Other Ways of Lightening and Darkening Colors68
    Another Way to Darken a Color70
    Summing Up70
    Chapter 7
    Using the Color Wheel to Understand Intensity72
    Exercise 7The Power of the Primaries to Cancel Color73
    Exercise 8Creating an Intensity Wheel-From a Pure Hue to No Color and Back Again77
    Exercise 9Practice in Naming Hue, Value, and Intensity79
    Other Ways to Dull Colors80
    Part III
    Chapter 8
    What Constitutes Harmony in Color?84
    The Aesthetic Response to Harmonious Color85
    The Phenomenon of After-images86
    After-images and the Attributes of Color90
    Albert Munsell's Theory of Harmony Based on Balancing Color92
    A Definition of Balanced Color93
    Chapter 9
    Creating Harmony in Color96
    Exercise 10Transforming Color Using Complements and the Three Attributes: Hue, Value, and Intensity96
    Chapter 10
    Seeing the Effects of Light, Color Constancy, and Simultaneous Contrast112
    The Next Step: Seeing How Light Affects the Colors of Three-Dimensional Shapes113
    Why It Is Difficult to See the Effects of Light115
    How to Accurately Perceive Colors Affected by Light116
    Three Different Methods of Scanning a Hue116
    The Next Step: Estimating the Intensity Level118
    The Three-Part Process of Painting119
    Exercise 11Painting a Still Life121
    Chapter 11
    Seeing the Beauty of Color in Nature134
    Color Harmony in Flowers135
    Floral Painting in Art136
    Colors in Nature Differ from Colors of Human-Made Objects139
    Exercise 12Painting a Floral Still Life140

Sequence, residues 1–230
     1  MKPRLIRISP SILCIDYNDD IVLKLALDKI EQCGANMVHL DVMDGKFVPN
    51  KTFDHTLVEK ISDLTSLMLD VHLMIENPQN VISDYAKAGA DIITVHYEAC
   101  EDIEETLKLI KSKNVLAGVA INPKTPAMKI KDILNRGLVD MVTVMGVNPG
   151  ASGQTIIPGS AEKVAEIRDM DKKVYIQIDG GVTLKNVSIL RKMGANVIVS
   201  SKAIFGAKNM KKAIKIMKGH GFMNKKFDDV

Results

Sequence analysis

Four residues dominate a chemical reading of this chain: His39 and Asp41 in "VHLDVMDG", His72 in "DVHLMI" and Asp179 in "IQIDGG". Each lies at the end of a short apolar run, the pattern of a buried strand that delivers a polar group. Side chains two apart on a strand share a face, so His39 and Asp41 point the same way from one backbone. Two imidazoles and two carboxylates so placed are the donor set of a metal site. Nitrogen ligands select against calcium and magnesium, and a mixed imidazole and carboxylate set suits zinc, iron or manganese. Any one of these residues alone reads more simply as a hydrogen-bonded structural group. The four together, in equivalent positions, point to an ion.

Nature as a Teacher of Color155
    Chapter 12
    The Meaning and Symbolism of Colors156
    Attaching Names to Colors157
    Using Colors to Express Meaning158
    Exercise 13The Color of Human Emotions161
    Your Preferred Colors and What They Mean168
    Knowing Your Color Preferences and Your Color Expressions171
    The Symbolic Meanings of Colors172
    Practicing Your Understanding of the Meaning of Color188
    Using Your Color Knowledge190

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    Color 4 out of 5 based on 0 ratings. 11 reviews.
    Guest More than 1 year ago
    What a beautiful book! Easy to follow easy to learn from it. The basic and the complex about color in a short volume full of examples and very practical exercises. Excellent!!!
    bella2006 on LibraryThing More than 1 year ago
    Another very useful book by the author of Drawing on the Right Side of the Brain, the two books together make for an excellent "art course" at home.
    jmorreau on LibraryThing More than 1 year ago
    A follow up to Edwards ' must -read book "Drawing on the Right Side of the Brain." Edwards continues her theme of first draw, then learn color, and finally, paint. In her previous book Edwards details the left-brain (language mode), right brain (visual mode) dichotomy. Drawing, she says, requires a "cognitive shift" to the right brain/ visual mode ("the somewhat blissful visual-perceptual mode") This, in turn, requires one to "get in the zone" (which she describes as a loss of sense of time, intense concentration on the task, and difficulty or even inability to use language). Edwards follows up on that notion in this book, espousing the concept that painting requires a back-and-forth shifting from left to right brain functions. This is because of the painter's need to focus on color mixing and matching. (Note: how many times have you heard artist-instructors say that you need to ingrain the fundamentals so that you can be free to focus on just painting?) Beyond this, Edwards' book is very similar to Quiller's books on Color theory. Edwards devotes much of her book to a discussion of hue, value and intensity. She includes some intriguing exercises, particularly in the section on Color Harmony.